The general reaction towards the government’s new Premium Visa Programme (PVIP) is positive but an academic feels that there is “confusion” over how Putrajaya wants to attract wealthy foreigners to invest and reside in the country.
“Well, my hope is that the introduction of the new programme is a way to reform MM2H and to make it less stringent, as the requirements for this PVIP programme are already quite high,” said Center for Market Education CEO, Dr Carmelo Ferlito.
“Second, I think it is misleading to call these eventual new applicants ‘investors’. Investors usually set up businesses of a certain dimension and, if the aim is to attract economic initiatives, there should be a distinction between the business features and the net worth of the business owner. Therefore, I think there is confusion on this regard,” he added.
Announcing the PVIP last week, Home Minister Datuk Seri Hamzah Zainudin revealed that the initiative is meant to attract wealthy foreigners to invest in Malaysia and reside in the country for a period of 20 years.
He said the “Residency Through Investment” programme, the first of its kind introduced by the government to drive the country’s economic growth, would be open for applications from Oct 1, 2022.
Hamzah said the programme was available to all participants of all age categories with proof of having an offshore income of at least RM40,000 per month, or RM480,000 annually.
Among other conditions is to have a fixed savings account with a deposit of at least RM1 million, with no withdrawals allowed on the principal value for the first year, while up to a 50% withdrawal from the principal value will be allowed after that for the purchase of real estate, or health and education purposes.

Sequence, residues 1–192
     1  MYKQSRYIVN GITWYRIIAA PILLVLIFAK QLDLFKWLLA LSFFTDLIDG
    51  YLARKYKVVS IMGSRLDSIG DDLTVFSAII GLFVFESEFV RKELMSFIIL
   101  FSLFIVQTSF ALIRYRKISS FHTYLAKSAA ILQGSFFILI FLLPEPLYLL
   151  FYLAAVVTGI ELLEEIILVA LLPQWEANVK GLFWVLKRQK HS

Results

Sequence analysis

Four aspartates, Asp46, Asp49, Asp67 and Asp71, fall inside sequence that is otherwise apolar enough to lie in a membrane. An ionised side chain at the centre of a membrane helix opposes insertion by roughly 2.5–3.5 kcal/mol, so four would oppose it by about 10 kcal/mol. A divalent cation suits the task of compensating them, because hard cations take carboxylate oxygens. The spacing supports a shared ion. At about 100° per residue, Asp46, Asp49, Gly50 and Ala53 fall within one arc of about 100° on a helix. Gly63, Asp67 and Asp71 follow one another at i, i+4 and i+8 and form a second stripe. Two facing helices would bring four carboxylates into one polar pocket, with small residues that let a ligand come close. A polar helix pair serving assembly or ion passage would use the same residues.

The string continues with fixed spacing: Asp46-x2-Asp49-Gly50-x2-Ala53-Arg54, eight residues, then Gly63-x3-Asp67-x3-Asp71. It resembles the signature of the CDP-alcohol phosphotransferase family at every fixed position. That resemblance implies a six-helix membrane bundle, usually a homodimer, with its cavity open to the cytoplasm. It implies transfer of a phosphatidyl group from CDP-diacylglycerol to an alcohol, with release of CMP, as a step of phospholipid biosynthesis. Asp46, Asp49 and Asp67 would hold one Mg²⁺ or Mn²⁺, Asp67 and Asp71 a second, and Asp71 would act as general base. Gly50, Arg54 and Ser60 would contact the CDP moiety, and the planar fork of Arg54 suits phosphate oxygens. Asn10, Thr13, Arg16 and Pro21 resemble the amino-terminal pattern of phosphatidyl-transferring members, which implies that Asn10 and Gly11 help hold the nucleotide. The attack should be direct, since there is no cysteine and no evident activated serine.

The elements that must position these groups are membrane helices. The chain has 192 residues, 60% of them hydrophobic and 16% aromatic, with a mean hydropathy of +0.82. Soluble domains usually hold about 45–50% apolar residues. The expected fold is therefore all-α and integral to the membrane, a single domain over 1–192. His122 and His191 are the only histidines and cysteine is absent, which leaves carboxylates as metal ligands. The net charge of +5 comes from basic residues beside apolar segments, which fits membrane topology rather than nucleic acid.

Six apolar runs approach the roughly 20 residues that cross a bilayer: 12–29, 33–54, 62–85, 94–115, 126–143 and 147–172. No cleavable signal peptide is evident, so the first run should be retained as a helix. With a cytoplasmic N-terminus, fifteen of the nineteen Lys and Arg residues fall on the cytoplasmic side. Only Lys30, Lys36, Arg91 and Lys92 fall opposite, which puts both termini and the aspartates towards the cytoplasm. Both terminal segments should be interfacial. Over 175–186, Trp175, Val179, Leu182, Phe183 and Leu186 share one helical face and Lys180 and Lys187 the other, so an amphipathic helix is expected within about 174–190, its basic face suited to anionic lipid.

Successful applicants can bring their spouses, children, parents, in-laws and domestic workers as dependents subject to existing immigration laws.
Hamzah added that applicants will have to pay a one-off RM200,000 participation fee while a one-off RM100,000 fee will be levied for each dependent.
Children of participants aged above 21 years are not considered dependents and have to apply to be a PVIP participant to remain in the country.
“The initial RM200,000 fee may be discouraging and again is in contrast with the idea of calling these individuals ‘investors’. Usually, you do not ask investors to pay a fee for entering your country: you offer something so they can put money in businesses that create positive spill overs. This fee makes the programme more similar to MM2H than an actual plan to attract investors,” explained Ferlito.
“Therefore, I guess there is a confusion with regard to the aims of the package. It is also not clear what Malaysia offers to these individuals apart from a 20-year visa,” he added.
Ferlito said that “I think it remains very important to distinguish what it means to attract rich individuals and to incentivise business – these are two different things which require different approaches.”
“I would suggest an extension of the Talent programme with an automatic bridge into MM2H after a certain number of years. This would be a programme that attract businesses and their managers and induce them to remain in Malaysia after they have completed their career paths,” he added.
“A long-term strategy, in a nutshell, is to attract multi-national corporations and their managers to turn them into retirees later on, so as to create a long-term commitment to spend money in the country.